JM: I'll never forget that. He came home one day from school and was back in the room playing the flute. He had been playing it without telling me for about six or seven months. I said, "hey man what is that?" He said, "I play the flute now too." So I said, "wow that's wonderful Rene." But when I left the room, I was very jealous and upset because I had never played the flute, so I went right out the next day and bought a flute. Rene helped me get started. We played duets together.
GW: Isn't that great, what goes around comes around. You had the luxury, the opportunity, the privilege and I guess the pain in some respects to work and learn with two grand teachers of this music, Art Blakey and Charles Mingus. What did you learn from each of them?
JM: From Mingus I learned what boot camp was like, because he worked us. He was a slave driver in terms of rehearsing and getting that music together. I also learned a great deal about having an individual sound and expanding and extending my concept of the music. I was still very much on Bird's [Charlie Parker] trail when I joined Mingus' Band. I never really sounded like Bird, but that was my mission. I didn't care if people said that I copied him; I loved Bird's playing so much. But Mingus was the one that really pushed me away from the idea and forced me into thinking about having an individual sound and concept. That's what I got from Mingus. With Blakey, I had the most wonderful experience being in a band. I learned how to grow up and be a man around Art. He was an incredible individual, and a wonderful band leader. He had a fatherly role that he played as a band leader. If you had a toothache, he took you to the dentist. He looked out for everybody in the band, and he also was very much into bringing young musicians into his band and helping them develop.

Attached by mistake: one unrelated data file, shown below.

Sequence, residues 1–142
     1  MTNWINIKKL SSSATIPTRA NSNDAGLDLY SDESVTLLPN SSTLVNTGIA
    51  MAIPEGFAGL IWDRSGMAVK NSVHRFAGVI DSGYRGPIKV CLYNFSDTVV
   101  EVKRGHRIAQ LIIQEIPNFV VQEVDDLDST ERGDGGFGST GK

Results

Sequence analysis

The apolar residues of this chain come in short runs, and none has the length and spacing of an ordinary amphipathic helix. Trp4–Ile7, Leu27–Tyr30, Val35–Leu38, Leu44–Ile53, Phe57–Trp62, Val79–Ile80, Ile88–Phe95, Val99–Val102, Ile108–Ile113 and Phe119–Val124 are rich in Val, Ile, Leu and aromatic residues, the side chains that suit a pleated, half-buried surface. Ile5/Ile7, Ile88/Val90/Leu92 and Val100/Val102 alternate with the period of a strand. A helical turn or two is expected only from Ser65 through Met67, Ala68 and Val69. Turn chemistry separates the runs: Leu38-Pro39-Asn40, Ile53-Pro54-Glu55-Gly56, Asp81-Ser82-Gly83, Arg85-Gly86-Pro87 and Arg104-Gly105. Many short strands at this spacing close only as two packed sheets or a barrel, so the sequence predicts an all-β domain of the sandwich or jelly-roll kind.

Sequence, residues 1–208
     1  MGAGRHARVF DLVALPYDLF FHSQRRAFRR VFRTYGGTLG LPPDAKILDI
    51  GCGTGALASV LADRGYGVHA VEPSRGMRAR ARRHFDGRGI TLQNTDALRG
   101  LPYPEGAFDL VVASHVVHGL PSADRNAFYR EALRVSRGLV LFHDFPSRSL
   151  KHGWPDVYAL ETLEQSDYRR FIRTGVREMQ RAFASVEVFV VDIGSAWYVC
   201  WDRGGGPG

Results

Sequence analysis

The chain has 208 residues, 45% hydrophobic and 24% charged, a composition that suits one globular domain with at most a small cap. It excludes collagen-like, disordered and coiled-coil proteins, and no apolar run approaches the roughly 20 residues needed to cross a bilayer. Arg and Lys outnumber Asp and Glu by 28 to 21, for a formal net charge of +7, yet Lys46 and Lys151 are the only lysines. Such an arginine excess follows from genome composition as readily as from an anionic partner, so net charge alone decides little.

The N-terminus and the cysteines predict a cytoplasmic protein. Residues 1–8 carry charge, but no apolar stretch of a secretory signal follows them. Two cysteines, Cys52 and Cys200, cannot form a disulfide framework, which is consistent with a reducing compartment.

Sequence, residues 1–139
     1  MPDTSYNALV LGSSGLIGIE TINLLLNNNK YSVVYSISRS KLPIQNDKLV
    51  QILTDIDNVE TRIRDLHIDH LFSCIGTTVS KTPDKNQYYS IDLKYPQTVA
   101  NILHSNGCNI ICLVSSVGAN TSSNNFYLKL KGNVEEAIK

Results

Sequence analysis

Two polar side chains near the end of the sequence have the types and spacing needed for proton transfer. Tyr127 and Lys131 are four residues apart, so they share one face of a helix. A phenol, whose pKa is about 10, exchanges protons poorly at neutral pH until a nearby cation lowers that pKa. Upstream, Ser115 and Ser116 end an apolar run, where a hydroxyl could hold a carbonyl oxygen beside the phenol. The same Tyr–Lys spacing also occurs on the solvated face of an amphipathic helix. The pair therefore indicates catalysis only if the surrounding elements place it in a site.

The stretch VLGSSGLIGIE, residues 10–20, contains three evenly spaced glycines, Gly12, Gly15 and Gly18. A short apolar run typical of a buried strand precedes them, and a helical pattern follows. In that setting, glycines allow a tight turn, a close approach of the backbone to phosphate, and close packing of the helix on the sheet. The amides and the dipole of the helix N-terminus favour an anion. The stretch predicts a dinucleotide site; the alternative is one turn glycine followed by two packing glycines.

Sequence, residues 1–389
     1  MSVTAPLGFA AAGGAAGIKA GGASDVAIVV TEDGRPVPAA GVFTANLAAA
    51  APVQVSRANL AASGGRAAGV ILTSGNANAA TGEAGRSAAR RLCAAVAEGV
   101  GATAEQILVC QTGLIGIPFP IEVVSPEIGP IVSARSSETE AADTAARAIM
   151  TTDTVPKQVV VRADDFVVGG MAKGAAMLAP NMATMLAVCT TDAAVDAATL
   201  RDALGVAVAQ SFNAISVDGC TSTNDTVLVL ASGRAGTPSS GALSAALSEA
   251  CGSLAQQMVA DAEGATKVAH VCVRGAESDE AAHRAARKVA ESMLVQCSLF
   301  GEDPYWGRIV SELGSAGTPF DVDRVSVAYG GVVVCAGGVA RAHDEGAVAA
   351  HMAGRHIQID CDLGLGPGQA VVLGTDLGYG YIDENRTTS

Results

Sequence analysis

GW: So many people went to the "University of Art Blakey" if you will. We talked a bit about the informal lessons and knowledge that you got from people like Bud Powell, Thelonious Monk and of course from hanging out in Sugar Hill. All of these experiences you are passing on through the Artists Collective that you founded and ran for over 20 years with your wife Dolly. Talk a little about this.
JM: While I was developing my program at the Hartt School, Dolly and I, along with several other fine artists around Hartford, began to develop a program in the inner city called the Artists Collective. It teaches young people and families about music, dance, drama and the visual arts. We started out doing things in store fronts and then we started operating out of the an old public school building in 1975. Then we started thinking about the possibility of putting a building up ourselves because we were outgrowing the old school building. Dolly raised the money, and I'm happy to say that the building is up and we are in the finishing stages now. We have a beautiful theater in the building, wonderful classrooms, and practice rooms. It's just a gorgeous dream come true.
GW: How does someone get their child involved in the Artists Collective?